Where I have always had fairly modest taste and not needed fancy cars, expensive clothes or other luxuries to enjoy myself,
now we actively remove everything that is excess from our lives because it gives us so much more time and space to enjoy the things that are really important – and that is awesome.
We spend more time with friends and less time watching TV, we spend more time making things and less time buying things, we spend more time outdoors etc.
The attitudes of people around us are very different too. Some of our neighbours have never left the village we live in. People’s priorities here seem quite different; there is more sense of community. I also find people more trusting and more trustworthy particularly when it comes to charging and paying for goods and services. Someone quoted me for some work on our cottage recently and rather than trying to negotiate a better price out of him I asked him if he didn’t want to charge a little more as I thought he was doing himself a dis-service with the price he offered me.
I think it’s the same with a lot of things. People buy things without thinking too much if they really need them.
In the end I think you should buy less but be prepared to invest in quality when it comes to the things that are really important to you – and I’m not just talking about products, services, or education. I mean time too — which is more precious than money in my book.
Buy Less. Use Less. Waste Less.
It’s waste we need to cut down on, not expenditure – and if you really think about it, people waste a LOT (of money, time & resources).
Tell me what you’ve discovered making the move and starting your business.
We’ve ended up with a business that focuses on lifestyle design consultancy (‘Get Better results In Your Life and Your Business’).
My site, lifestoogood.net is still mostly a blog with free articles, but I also now have a ‘Services’ section via which I sell 1-2-1 consulting, coaching and e-courses. I protect my time and stick strictly to 3 clients at any given time. This has worked really well so far on many levels not least preventing me from getting ‘sucked into’ work.
Another discovery and rewarding aspect of the business is the lifestyle design aspect. I didn’t realize that we have effectively created a blueprint, or a number of mini-blueprints, for life-change. Everybody’s situation is different and the worst thing that people can do is take a look at someone and try and repeat what they’ve done out of context, but there are lots of aspects of what we’ve done that have actually inspired people. People kept asking me questions and that led me to discover that there was more method to our madness than I’d actually realized
Yeah, we entertain similar questions nearly every weekend from visitors and weekenders from the Washington, D.C. area. Many say they’d love to do something else. Of course, some are inclined to tell us what we should be doing with our business, ha!
What untapped opportunities exist in rural places/very small cities?
That’s a tough question to answer.
… because it depends so much on what you mean by opportunities.
For example, if you mean opportunities to build communities and local business – loads of opportunities. We are involved in our local community via a group called ‘Celebrating Cromford’.
We organised a ‘give and take’ day locally with the help of some local organisations. My wife is currently trying to promote local business via an initiative called ‘Totally Locally’ (something we heard about and wanted to bring to Cromford).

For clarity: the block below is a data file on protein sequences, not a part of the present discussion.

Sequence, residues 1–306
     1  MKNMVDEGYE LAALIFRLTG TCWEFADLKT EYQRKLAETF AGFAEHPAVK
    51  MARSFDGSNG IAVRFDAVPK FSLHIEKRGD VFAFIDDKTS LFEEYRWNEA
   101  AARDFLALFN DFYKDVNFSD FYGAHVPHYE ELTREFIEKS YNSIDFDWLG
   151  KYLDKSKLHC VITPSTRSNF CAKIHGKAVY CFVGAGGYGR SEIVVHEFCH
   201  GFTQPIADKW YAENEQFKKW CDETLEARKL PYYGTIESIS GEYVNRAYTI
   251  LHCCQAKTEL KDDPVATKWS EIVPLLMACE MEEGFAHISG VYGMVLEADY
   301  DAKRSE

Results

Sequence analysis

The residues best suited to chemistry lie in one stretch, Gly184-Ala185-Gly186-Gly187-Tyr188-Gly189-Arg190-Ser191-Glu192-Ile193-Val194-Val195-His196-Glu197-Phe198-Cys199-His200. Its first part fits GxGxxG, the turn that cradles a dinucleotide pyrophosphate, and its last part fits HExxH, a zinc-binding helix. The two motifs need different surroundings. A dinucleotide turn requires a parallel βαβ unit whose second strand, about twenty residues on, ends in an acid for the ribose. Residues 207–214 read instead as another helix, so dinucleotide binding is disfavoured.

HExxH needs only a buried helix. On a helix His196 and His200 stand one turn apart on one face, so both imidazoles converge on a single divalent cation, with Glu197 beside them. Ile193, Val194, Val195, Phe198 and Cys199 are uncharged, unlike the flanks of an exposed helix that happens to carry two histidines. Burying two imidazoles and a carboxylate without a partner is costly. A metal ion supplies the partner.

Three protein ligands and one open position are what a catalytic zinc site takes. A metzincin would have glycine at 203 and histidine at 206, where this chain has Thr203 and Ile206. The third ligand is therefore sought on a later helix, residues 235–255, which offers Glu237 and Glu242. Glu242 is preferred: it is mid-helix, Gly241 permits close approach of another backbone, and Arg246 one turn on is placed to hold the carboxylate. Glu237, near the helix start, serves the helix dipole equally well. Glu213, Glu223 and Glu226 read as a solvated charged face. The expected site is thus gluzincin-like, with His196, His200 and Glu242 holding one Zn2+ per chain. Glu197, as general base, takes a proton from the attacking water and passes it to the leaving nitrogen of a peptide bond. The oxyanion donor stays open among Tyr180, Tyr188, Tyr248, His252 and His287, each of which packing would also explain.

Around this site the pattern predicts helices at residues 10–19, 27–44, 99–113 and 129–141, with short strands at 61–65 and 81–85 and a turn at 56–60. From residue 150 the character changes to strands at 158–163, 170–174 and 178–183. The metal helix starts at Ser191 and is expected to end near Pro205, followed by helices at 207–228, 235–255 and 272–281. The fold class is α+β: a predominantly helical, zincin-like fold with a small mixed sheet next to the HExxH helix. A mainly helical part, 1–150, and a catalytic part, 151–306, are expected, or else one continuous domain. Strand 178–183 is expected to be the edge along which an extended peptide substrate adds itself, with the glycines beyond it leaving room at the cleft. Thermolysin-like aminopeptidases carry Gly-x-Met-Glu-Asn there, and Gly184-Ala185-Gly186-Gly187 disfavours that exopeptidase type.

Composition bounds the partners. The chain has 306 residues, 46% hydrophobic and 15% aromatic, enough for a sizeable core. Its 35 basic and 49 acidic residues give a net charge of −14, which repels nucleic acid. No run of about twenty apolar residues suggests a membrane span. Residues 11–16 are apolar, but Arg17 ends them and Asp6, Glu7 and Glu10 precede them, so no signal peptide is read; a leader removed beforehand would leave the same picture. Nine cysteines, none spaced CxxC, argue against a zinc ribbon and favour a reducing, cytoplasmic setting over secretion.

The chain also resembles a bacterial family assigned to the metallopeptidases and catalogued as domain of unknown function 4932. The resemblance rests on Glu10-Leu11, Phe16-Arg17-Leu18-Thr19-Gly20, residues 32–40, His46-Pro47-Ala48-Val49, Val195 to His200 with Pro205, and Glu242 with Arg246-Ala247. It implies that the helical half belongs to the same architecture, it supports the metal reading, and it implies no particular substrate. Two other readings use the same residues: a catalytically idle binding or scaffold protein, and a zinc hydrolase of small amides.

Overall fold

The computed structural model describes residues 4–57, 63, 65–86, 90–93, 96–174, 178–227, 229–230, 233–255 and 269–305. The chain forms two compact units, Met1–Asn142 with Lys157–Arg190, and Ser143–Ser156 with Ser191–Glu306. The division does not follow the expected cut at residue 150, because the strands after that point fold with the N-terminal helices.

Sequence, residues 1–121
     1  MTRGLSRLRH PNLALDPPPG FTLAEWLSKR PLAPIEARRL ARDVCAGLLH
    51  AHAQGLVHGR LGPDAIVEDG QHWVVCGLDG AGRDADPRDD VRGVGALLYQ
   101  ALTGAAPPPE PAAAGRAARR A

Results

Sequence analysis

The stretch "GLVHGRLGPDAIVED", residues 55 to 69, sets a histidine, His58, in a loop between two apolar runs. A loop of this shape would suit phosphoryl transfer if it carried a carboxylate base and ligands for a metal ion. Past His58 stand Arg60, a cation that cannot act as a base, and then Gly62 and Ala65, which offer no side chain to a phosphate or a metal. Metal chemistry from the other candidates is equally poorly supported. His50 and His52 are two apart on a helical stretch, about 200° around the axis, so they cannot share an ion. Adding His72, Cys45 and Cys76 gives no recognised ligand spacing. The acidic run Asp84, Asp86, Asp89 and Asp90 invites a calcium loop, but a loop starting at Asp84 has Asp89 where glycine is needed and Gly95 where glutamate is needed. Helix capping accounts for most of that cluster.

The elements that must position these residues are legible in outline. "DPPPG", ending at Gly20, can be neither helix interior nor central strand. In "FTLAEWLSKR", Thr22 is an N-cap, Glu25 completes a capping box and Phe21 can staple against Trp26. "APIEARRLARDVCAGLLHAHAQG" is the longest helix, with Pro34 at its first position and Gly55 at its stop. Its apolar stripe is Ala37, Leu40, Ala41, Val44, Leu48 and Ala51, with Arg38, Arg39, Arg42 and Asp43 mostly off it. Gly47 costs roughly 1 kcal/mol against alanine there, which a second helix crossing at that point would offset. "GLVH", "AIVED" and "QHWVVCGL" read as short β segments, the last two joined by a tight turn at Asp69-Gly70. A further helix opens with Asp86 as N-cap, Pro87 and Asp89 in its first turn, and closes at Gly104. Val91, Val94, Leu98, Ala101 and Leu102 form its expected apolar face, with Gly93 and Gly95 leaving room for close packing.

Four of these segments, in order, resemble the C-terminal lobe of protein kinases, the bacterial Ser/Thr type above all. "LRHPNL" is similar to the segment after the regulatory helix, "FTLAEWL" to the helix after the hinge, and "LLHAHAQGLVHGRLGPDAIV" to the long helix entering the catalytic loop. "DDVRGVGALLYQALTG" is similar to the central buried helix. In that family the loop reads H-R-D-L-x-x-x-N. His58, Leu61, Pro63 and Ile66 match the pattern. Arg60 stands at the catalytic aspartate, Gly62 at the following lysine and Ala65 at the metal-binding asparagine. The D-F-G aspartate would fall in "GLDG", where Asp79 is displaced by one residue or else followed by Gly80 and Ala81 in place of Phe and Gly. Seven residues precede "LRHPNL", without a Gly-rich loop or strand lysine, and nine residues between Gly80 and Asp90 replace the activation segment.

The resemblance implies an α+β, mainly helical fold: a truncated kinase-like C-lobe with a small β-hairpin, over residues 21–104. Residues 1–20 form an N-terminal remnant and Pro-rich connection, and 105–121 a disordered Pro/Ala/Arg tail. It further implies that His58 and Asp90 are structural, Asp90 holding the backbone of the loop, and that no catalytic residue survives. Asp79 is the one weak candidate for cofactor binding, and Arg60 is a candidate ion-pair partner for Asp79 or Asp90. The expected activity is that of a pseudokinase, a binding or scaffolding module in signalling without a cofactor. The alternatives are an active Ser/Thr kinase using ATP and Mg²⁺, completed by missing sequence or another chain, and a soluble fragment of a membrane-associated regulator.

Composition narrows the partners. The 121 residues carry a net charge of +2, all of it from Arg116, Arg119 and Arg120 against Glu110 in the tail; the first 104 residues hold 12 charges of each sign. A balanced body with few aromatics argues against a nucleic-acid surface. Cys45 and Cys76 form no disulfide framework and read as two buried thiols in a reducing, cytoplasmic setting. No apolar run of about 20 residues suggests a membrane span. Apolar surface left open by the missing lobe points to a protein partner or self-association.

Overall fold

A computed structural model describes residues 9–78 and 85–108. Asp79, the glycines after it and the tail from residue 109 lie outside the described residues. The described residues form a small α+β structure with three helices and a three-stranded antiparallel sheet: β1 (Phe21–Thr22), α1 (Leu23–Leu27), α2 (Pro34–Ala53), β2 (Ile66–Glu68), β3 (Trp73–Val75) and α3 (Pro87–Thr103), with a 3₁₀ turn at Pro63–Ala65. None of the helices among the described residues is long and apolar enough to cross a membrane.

If you mean what opportunities exist financially, then I’d say that the difference in rural places/very small cities has to connect to community. Small businesses have to help each other. The impact of a few customers is obviously much greater in these places than in big cities and you’d be surprised what influence just a few people can have (both positive and negative, hopefully the former).
So I’d say that the major untapped opportunity is simply to get involved.
How has your attitude about life changed since you left London?
I’ve always thought life is short.
Now I think that more than ever. I’m enjoying life more than before though even that’s not as straight forward as it sounds. It took me a long time to actually give myself ‘permission’ for this. For at least 6 months I felt uneasy about something but I couldn’t quite put my finger on it – the nearest thing I can describe is ‘guilt’ – like I’m cheating because I’m simply enjoying life with my family. I suppose that’s normal after 15 years of a fast-paced career.
I’ve learned how to make better use of my time.
I’ve probably become (even) more philosophical.
I’ve been able to explore my interests and learn lots of things I would never have had the time for – all whilst being flexible enough to fit these to my own schedule and accommodate events such as school plays, games of golf, days off, meals with friends, changing what I want to work on day-to-day.
Based on your experience, what’s the one piece of advice you’d recommend someone considering a major life reboot — moving, downsizing, or starting a business?
Yes, I’m going to give 3 pieces of advice which are as much food for thought as advice:
- Life is too precious and short. Time is the most precious thing we have – the good news is that we are all paid the same amount – and it’s up to us what we do with those 24 hours, which we decide at every moment.
- Live within your means – we are lead to believe that we should ‘have’ certain things and that debt is normal and a normal way to go about getting these things. Debt is not normal. Or at least it shouldn’t be.
- Live in the present as much as you can. I’m not 100% Zen to the extent that I think you should spend all of your time in the present, I think some planning for (and looking forward to) the future is a good thing, as is some time looking back on fond memories, but it’s a complete waste of time (see point 1). If you spend too much time worrying about the past or the future then you’re not living.
Thanks, Alan. I think both of us have seen life “from the other side” and have learned that living simply and building a business and life that suits you can be so rewarding.